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  #1  
Old 02-28-1993, 06:56 PM
mw6569 mw6569 is offline
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I have read many articles regarding training your puppy .

Our puppy is currently 11 weeks old and the only really thing that bugs me is his continuously wanting to bite.
We have had his for 4 weeks now he loves his food , i mean what puppy don't.
I take him out every couple to 3 hours.
He can go for nearly 2 hours being on his own , as he will need to go for longer periods when i recover from a broken ankle.
But he always seems to get hyper and then that's when his biting starts at first i did not think it would last that long , but he really is a very dominating dog, of which we are trying to get him out of that.
My wife is the more experienced of the two of us even thought this will be my 4th dog.
But it really is stressing us out as he is a truly gorgeous looking dog, he enjoys his walks, even though he tries so hard when people are just walking by to be very sociable, but not every one is animal orientated.
But his biting is beginning to get out of hand
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  #2  
Old 04-29-2005, 04:41 PM
Fandogg Fandogg is offline
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Default House Breaking a Dog w/o being mean??

How do you house break a dog with out yelling and screaming. I love positive reinforcement training not negative training. What's the propper way to do this?
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  #3  
Old 04-29-2005, 04:56 PM
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candy722 candy722 is offline
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Instead of yelling you talk with a higher pitch. hahaha
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  #4  
Old 04-29-2005, 05:32 PM
Saje Saje is offline
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lol candy.

There are tons of threads with advice and suggestions on this. Why don't you read some of them and then ask any questions you have about them?
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  #5  
Old 04-29-2005, 06:38 PM
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BigDog2191 BigDog2191 is offline
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Check out one of my thirty threads about house training.
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  #6  
Old 04-29-2005, 07:06 PM
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smkie smkie is offline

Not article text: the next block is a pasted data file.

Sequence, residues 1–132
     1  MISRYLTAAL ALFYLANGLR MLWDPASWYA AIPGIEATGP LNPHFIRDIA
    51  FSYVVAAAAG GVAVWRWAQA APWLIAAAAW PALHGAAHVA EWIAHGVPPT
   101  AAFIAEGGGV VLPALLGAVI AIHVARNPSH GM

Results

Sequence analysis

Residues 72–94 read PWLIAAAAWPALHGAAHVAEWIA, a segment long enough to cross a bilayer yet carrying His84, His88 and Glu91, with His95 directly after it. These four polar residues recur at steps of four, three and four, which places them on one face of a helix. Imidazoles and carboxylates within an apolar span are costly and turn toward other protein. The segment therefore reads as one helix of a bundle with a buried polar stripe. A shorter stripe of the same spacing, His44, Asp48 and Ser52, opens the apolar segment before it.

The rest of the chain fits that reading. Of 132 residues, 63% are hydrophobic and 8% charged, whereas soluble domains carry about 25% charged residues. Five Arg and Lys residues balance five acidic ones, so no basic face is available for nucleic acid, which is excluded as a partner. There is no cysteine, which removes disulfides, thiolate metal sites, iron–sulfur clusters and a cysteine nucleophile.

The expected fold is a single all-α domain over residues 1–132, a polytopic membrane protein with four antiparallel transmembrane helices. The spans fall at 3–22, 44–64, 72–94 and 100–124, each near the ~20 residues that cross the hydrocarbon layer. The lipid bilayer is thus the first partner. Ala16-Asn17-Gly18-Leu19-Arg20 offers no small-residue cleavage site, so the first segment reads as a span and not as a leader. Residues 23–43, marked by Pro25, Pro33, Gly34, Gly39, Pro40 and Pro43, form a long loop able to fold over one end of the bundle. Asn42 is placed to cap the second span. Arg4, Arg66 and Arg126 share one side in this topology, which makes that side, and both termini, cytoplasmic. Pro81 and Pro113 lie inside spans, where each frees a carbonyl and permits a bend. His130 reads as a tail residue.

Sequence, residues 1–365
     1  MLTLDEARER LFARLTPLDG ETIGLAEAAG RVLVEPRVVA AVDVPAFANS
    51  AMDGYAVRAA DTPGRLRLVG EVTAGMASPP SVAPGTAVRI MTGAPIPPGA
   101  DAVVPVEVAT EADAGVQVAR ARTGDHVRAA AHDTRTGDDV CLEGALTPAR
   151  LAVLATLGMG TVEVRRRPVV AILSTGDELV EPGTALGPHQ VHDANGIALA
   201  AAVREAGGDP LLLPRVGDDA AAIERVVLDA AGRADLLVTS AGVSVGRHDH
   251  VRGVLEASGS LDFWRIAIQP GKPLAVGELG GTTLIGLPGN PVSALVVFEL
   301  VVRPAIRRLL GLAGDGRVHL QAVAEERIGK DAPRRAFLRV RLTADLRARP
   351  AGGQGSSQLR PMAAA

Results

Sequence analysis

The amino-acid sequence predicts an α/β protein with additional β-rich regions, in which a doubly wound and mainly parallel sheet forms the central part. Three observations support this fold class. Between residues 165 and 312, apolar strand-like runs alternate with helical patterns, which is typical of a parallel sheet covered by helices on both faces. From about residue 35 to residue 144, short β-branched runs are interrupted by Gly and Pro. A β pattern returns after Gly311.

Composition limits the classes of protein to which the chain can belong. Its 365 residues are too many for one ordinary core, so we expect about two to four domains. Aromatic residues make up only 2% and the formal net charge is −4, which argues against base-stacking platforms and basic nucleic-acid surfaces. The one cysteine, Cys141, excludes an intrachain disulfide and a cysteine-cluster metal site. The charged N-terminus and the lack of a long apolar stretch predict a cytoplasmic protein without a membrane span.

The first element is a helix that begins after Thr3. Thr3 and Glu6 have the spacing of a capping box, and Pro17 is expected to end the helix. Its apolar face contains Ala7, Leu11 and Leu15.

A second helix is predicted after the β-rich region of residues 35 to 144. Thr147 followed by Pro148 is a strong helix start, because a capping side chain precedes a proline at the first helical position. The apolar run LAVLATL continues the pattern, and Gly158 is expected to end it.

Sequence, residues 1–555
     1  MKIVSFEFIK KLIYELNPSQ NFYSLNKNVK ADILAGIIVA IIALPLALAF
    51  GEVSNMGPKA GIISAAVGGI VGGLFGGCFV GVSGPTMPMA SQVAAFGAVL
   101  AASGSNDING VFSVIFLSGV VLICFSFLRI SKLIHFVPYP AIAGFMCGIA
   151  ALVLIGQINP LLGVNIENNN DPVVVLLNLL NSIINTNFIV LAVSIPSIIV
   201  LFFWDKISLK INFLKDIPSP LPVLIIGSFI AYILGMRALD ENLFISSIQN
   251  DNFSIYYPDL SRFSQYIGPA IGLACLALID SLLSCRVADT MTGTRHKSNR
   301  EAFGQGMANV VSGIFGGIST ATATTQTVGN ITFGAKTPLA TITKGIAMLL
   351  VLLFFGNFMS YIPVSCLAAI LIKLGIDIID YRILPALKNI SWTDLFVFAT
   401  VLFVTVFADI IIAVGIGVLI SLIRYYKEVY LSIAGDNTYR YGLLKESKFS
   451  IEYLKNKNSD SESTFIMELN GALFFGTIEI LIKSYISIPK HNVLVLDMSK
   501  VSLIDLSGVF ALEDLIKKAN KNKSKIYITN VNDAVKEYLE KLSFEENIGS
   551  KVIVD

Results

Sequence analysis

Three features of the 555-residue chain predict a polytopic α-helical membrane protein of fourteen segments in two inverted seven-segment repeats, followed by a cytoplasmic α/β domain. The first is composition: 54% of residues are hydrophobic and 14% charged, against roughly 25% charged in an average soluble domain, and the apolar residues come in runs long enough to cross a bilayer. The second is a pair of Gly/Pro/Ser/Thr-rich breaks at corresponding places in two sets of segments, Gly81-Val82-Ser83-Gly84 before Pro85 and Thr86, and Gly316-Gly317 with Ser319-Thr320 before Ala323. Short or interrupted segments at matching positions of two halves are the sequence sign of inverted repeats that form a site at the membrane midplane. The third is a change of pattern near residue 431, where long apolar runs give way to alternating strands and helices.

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It isn't necessary to yell or scream at anyone..in fact the more u do...the less u get your point across. If u keep your dog in the same room with u always during the training time it takes to teach them to eliminate outside..that will be the first step. WAtch when they first wake up and scoot them right out the door....don't wait until they squat...beat them to it by getting them outside and THEN when they squat tell them how proud u are..the same with after they eat. Most dogs and puppies will eliminate within 20 minutes or so after finishing their food. Victor goes straight from his dog food bowl to the door..so as soon as your pup eats..take him outside and play for awhile..running around always gets the bowels to moving and then of course praise when the deed is done. If your dog is very youg..get a timer and set it to the amount of time u think your dog will go between urinating..and take him out first.even if you think he doesn't have to go..he will catch on very quickly that doing his business outside pleases u. Use a short a sound..sharp..one time if he does start to squat. That is a sound no dog likes and it startles them so much that they very often will stop midstream...then scoot outside. I have housebroken everydog i have ever run across within 3 days..some less..my puppies were housebroken at 8 weeks when they went to their new owners. I did not give them run of the house where they could go unattended (literally) and when a bowel movement did happen..i didn't even scold..just looked at them with a shame on u face and cleaned it up figuring it was as much my fault for taking my eyes off the dog as it was theirs. Victor figured it all out very quickly and we were done with this in 48 hours. I would rather take a few days and concentrate completely on my dog then to hit and miss which is completely ineffectual. This has always worked for me..not only in housetraining my dogs..but in toilet training the children that were a steady source in my growing up life. My Mother was a licensed daycare for children under the age of 6..most were two. We had 4 potty chairs lined up in the bathroom...for many, many years. You learned to keep one eye on the child and could tell when they would change an expression (that usually meant only one thing) ..the more u observe, the easier it gets. I have never used a punishing style in my training..i think it teaches nothing.